Today my son’s class had its holiday celebration. As the classroom parent representative, I was in charge of organizing it and arranging to get a class gift. Not a terribly onerous set of tasks: a handful of emails asking others to bring in some food or beverage, reminding parents when and where the even would occur, and asking for donations for the gift. The most difficult and time consuming part was finding a local store that sold maps and globes.
I did nothing beyond what countless mothers have done year in and year out. Yet for some reason nearly every person approached me and thanked me profusely for going to so much effort, as if I had orchestrated a pull-out from Iraq, in just 10 days and with only 10 gallons of fuel in my three-passenger Cessna.
Let me be clear, I appreciate the recognition, as anybody who has worked to organize an event would. Sadly, however, their compliments highlight a disturbing inequity: women are expected to be capable parents while men are expected to fall short.
Michael Chabon points out in his essay “William and I” that it is generally pretty easy to be a dad:
The handy thing about being a father is that the historic standard is so pitifully low. One day a few years back I took my youngest son to the market around the corner from our house in Berkeley, California, a town where, in my estimation, fathers generally do a passable job, with some fathers having been known to go a little overboard. I was holding my twenty-month-old in one arm and unloading the shopping cart onto the checkout counter with the other. I don’t remember what I was thinking about at the time, but it is as likely to have been the original 1979 jingle for Honey Nut Cheerios or nothing at all as it was the needs, demands, or ineffable wonder of my son. I wan’t quite sure why the woman in line behind us—when I became aware of her—kept beaming so fondly in our direction. She had on rainbow leggings, and I thought she might be a little crazy and therefore fond of everyone.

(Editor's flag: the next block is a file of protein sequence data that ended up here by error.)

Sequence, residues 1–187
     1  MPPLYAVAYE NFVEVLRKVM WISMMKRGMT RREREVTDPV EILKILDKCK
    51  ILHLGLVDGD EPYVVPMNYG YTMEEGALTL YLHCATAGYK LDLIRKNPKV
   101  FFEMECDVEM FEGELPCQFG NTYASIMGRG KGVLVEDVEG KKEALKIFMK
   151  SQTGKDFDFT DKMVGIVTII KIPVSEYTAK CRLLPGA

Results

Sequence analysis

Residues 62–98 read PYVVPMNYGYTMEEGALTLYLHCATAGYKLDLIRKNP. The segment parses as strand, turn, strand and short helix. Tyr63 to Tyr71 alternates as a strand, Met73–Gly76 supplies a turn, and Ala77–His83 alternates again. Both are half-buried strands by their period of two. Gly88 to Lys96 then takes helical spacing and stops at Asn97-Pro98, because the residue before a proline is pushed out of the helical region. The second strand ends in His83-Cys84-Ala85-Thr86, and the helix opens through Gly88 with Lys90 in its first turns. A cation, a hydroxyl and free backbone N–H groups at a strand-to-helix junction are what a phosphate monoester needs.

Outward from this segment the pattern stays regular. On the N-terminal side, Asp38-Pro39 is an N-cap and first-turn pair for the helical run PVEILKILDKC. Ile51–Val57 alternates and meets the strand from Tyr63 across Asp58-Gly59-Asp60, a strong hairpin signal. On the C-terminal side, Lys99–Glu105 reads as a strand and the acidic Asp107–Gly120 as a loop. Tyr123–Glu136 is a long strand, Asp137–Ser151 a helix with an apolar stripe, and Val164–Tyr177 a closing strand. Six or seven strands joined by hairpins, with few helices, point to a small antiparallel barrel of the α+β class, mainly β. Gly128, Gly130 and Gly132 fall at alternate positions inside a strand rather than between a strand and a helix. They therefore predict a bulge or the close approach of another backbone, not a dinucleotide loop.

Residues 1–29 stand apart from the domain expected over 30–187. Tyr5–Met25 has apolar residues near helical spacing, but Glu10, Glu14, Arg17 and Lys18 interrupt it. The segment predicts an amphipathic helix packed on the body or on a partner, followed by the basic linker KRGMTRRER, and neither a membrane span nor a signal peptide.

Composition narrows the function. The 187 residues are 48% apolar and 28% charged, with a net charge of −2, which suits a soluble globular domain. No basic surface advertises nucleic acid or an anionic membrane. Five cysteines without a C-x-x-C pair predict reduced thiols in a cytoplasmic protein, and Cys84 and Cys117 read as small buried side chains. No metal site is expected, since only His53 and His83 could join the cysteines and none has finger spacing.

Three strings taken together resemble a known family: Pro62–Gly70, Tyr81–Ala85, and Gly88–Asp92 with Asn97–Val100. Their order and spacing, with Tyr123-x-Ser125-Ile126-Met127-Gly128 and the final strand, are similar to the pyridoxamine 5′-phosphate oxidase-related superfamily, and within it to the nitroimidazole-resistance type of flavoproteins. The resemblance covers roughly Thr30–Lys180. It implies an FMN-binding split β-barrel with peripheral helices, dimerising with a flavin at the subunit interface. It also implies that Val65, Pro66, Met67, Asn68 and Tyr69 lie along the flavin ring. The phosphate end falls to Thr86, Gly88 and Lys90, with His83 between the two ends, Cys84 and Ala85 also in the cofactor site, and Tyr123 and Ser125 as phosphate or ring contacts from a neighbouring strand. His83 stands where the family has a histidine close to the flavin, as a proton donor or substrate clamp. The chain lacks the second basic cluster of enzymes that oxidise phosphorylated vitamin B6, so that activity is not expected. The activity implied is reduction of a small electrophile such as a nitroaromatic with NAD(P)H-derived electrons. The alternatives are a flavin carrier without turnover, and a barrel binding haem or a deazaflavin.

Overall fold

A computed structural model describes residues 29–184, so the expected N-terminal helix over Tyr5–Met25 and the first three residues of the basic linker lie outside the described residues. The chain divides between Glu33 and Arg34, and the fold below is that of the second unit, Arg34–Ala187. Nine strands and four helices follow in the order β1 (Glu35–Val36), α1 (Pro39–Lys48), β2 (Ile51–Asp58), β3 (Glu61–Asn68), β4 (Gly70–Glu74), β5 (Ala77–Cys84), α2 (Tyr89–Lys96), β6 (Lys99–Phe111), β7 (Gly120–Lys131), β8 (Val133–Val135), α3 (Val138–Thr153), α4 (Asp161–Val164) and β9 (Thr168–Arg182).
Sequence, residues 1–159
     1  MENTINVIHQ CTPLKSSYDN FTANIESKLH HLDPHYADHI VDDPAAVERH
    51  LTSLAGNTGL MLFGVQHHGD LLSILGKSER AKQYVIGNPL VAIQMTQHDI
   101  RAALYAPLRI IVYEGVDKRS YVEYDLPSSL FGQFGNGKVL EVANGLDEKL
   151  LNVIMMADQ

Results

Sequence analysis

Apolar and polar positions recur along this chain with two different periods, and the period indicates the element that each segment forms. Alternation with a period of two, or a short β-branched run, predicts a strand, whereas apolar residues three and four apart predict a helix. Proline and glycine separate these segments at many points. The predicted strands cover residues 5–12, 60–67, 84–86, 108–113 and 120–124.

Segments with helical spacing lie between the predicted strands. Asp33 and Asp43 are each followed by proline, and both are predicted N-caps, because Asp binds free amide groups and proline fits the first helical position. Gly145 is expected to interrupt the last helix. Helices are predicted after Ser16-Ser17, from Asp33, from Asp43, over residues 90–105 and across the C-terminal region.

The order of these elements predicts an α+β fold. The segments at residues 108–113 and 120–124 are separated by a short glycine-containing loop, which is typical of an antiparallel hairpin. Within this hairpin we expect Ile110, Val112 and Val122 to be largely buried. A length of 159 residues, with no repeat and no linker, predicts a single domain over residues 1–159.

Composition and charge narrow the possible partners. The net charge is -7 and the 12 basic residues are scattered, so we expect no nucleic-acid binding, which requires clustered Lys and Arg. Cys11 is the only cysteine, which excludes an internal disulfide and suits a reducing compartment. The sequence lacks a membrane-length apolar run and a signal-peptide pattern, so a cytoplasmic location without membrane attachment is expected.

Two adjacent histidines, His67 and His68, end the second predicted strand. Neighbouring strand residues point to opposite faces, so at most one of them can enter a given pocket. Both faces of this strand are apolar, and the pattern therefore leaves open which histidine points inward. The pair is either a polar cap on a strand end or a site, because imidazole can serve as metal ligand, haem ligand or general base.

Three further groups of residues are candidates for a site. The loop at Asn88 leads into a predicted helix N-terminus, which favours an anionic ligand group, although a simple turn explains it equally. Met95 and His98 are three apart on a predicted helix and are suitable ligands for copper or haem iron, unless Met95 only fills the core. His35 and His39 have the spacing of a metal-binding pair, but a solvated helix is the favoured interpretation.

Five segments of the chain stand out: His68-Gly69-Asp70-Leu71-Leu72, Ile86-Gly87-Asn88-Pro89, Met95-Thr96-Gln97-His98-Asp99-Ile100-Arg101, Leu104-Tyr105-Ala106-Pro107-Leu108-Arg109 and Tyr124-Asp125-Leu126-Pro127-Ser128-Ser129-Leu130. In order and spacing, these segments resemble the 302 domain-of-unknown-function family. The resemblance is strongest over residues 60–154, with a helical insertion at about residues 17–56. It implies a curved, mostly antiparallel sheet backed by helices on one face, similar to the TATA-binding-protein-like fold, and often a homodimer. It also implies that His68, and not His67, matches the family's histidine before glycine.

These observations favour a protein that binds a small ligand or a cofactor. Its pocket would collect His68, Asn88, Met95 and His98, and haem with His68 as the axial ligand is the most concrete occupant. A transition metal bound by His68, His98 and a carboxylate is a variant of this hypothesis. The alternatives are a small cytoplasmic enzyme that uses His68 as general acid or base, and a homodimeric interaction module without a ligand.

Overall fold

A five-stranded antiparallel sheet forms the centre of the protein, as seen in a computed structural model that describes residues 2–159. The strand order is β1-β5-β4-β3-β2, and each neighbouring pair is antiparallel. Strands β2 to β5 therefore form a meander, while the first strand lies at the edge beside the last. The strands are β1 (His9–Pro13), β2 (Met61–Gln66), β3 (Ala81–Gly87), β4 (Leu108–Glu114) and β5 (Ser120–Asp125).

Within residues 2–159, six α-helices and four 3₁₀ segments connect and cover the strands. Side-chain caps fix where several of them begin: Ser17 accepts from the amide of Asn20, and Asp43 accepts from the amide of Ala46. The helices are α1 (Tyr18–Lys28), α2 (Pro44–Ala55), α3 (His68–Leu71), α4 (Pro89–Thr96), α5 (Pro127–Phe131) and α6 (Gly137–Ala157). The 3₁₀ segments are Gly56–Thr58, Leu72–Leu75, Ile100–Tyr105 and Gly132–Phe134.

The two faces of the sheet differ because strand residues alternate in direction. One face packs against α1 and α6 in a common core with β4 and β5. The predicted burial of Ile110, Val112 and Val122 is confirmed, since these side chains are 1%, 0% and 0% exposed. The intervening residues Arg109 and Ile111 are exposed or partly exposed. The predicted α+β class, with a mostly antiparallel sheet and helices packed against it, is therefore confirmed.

“You are such a good dad,” she said finally. “I can tell.”
I looked at my son. He was chewing on the paper coating of a wire twist tie. A choking hazard, without a doubt; the wire could have pierced his lip or tongue. His hairstyle tended to the cartoonier pole of the Woodstock-Einstein continuum. His face was probably a tad on the smudgy side. Dirty, even. One might have been tempted to employ the word crust.1
There is a double standard here. Again, as Chabon remarked, for a mom to elicit such an observation from a complete stranger is nearly impossible. Yet as long a dad isn’t actively harming his child, he is a good father. Chabon acknowledges that double standard and, further, confesses his occasional gratitude for it. He also admits that he works really hard at being a father, not so he can be complimented but so he can enjoy the intimacy that comes being a good father.
What Chabon doesn’t explore is the way that such compliments reinforce the assumption that men continue to fail at parenting. By virtue of our Y chromosome, we are somehow deficient in the parenting department. Society doesn’t expect too much from us, as if we are some real-life Lennie Small—feeble minded and inherently a risk to our child. If through some stroke of luck and rare alignment of the planets we haven’t yet hurt our child, we need to be complimented, to be told we are succeeding at being a parent, to be encouraged to stay the course and remain diligent lest we lose our concentration and like some bad re-enactment of “Raising Arizona,” we leave Nathan Junior on top of the car as we drive off. That probably won’t happen.
Please don’t see me as ungrateful for the thanks so generously expressed. I greatly appreciate the gratitude. But please keep it in line with what you would say to a woman. Not just because it is fair to mothers, but because it is fair to fathers too.
1From Michael Chabon, Manhood for Amateurs, 11–12.⇑